Mother to get $500k for dead son's 'living costs'

Insurers' 'lifetime' offer binding as mum accepted before expiry: Judge

When motorcyclist K. Maran suffered brain damage in a road accident, insurers offered $500,000 to last him for life.

But before the offer could be accepted, he died.

Now, his mother will get to collect the full sum after the High Court ruled she was entitled to it - despite his death.

Justice Choo Han Teck said that making the insurers cough up "might result in an overpayment". However, this did not necessarily mean that the payment was unjust.

Mr Maran was 19 when his motorcycle collided with a car in July 2006. The accident, in Hougang Avenue 8, left him mentally disabled and incapable of managing his own affairs.

Insurers for the driver, Mr Teo Gim Tiong, accepted 40 per cent liability.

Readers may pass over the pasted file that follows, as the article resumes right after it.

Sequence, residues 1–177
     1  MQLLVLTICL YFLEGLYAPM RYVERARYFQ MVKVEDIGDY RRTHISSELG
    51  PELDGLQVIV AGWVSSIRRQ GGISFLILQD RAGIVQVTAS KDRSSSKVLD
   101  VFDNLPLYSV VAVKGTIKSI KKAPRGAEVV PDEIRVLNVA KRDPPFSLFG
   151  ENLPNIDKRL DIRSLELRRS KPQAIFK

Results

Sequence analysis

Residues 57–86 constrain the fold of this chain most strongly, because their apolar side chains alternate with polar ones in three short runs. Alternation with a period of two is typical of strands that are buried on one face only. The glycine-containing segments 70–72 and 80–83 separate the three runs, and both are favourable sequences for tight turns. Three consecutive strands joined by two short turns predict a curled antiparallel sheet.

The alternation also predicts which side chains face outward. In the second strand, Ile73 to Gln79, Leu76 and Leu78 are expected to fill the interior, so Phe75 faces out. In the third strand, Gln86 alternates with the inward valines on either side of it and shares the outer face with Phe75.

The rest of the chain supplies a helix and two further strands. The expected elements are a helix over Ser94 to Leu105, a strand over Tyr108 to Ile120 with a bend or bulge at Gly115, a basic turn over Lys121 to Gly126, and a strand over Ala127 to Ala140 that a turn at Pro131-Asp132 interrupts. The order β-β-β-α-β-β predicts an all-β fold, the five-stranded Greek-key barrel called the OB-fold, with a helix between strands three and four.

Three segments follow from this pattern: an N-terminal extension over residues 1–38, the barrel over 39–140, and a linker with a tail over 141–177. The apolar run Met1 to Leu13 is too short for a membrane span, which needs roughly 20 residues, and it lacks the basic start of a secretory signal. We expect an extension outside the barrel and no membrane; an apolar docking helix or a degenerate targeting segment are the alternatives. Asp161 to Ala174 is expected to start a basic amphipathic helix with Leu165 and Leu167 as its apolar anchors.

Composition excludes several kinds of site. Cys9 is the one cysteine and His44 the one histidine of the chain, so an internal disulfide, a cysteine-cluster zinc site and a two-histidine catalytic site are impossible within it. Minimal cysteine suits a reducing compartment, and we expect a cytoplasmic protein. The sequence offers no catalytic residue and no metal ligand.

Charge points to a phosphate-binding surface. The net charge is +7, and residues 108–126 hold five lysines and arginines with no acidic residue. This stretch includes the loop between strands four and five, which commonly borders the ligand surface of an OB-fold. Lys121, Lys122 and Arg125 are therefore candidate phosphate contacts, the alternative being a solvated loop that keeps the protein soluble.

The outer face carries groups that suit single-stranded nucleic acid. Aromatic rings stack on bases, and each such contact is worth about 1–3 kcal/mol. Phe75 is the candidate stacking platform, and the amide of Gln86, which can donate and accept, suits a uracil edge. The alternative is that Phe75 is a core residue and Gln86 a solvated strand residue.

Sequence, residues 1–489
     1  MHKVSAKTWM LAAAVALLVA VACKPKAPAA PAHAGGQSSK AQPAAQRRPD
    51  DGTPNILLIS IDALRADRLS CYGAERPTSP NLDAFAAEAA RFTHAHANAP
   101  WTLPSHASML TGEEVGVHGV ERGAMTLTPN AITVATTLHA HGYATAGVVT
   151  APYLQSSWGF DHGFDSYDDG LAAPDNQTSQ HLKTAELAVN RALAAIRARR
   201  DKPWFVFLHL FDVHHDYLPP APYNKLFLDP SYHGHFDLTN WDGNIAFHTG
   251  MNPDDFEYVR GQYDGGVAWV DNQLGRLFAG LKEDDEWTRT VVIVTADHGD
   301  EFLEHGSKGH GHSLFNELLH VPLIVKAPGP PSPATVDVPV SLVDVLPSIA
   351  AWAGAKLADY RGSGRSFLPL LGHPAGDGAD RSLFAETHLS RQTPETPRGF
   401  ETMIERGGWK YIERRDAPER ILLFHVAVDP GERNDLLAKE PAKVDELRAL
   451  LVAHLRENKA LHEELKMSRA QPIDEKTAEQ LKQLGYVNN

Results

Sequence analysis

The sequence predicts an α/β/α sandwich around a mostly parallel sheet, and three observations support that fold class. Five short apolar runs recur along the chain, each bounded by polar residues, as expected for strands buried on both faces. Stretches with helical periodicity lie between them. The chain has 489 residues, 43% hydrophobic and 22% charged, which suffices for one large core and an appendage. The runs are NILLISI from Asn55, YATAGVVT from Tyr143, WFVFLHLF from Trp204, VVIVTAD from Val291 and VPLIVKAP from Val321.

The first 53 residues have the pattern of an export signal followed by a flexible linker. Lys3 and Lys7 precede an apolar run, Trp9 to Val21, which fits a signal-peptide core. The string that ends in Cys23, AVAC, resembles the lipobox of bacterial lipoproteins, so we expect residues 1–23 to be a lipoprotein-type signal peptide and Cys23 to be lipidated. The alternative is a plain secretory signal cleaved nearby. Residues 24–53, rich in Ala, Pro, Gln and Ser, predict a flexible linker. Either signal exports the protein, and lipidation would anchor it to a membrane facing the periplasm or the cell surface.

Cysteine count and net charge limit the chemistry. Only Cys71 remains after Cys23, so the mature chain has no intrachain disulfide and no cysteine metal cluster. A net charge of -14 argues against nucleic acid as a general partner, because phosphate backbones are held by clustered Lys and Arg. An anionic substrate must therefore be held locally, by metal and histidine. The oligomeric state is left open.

In September 2011, they offered to pay $500,000 to cover the victim's lifelong needs.

But he died the following March and his mother, Madam K. Pushpavathi, later got a court order making her the legal representative of his estate.

On the same day, Liberty Insurance decided to withdraw its offer. It gave Madam Pushpavathi 24 hours' notice, as required by court rules.

This allowed her just enough time to act. As the clock ticked down, the former office executive in her 50s accepted the offer - just 90 minutes before the deadline.

The insurers launched an appeal, arguing that they would be paying too much as the victim's death meant costs such as medical care no longer applied.

But their case failed at a district court earlier this year and has now been dismissed in a further appeal before Justice Choo. In judgment grounds issued yesterday, he said that Madam Pushpavathi had accepted the offer before it expired under court rules.

He added that both sides had come to a fair and just agreement, which became binding once it was accepted.

The judge pointed out that a victim who accepted an offer to settle but found out moments later that his injuries had worsened might not be able to change his mind.

This meant the same should apply to the insurers.

"I am of the view the principle must be applied both ways," added Justice Choo.

Madam Pushpavathi was represented by lawyer Susila Ganesan while the lawyer for the insurers was Mr N. K. Rajarh.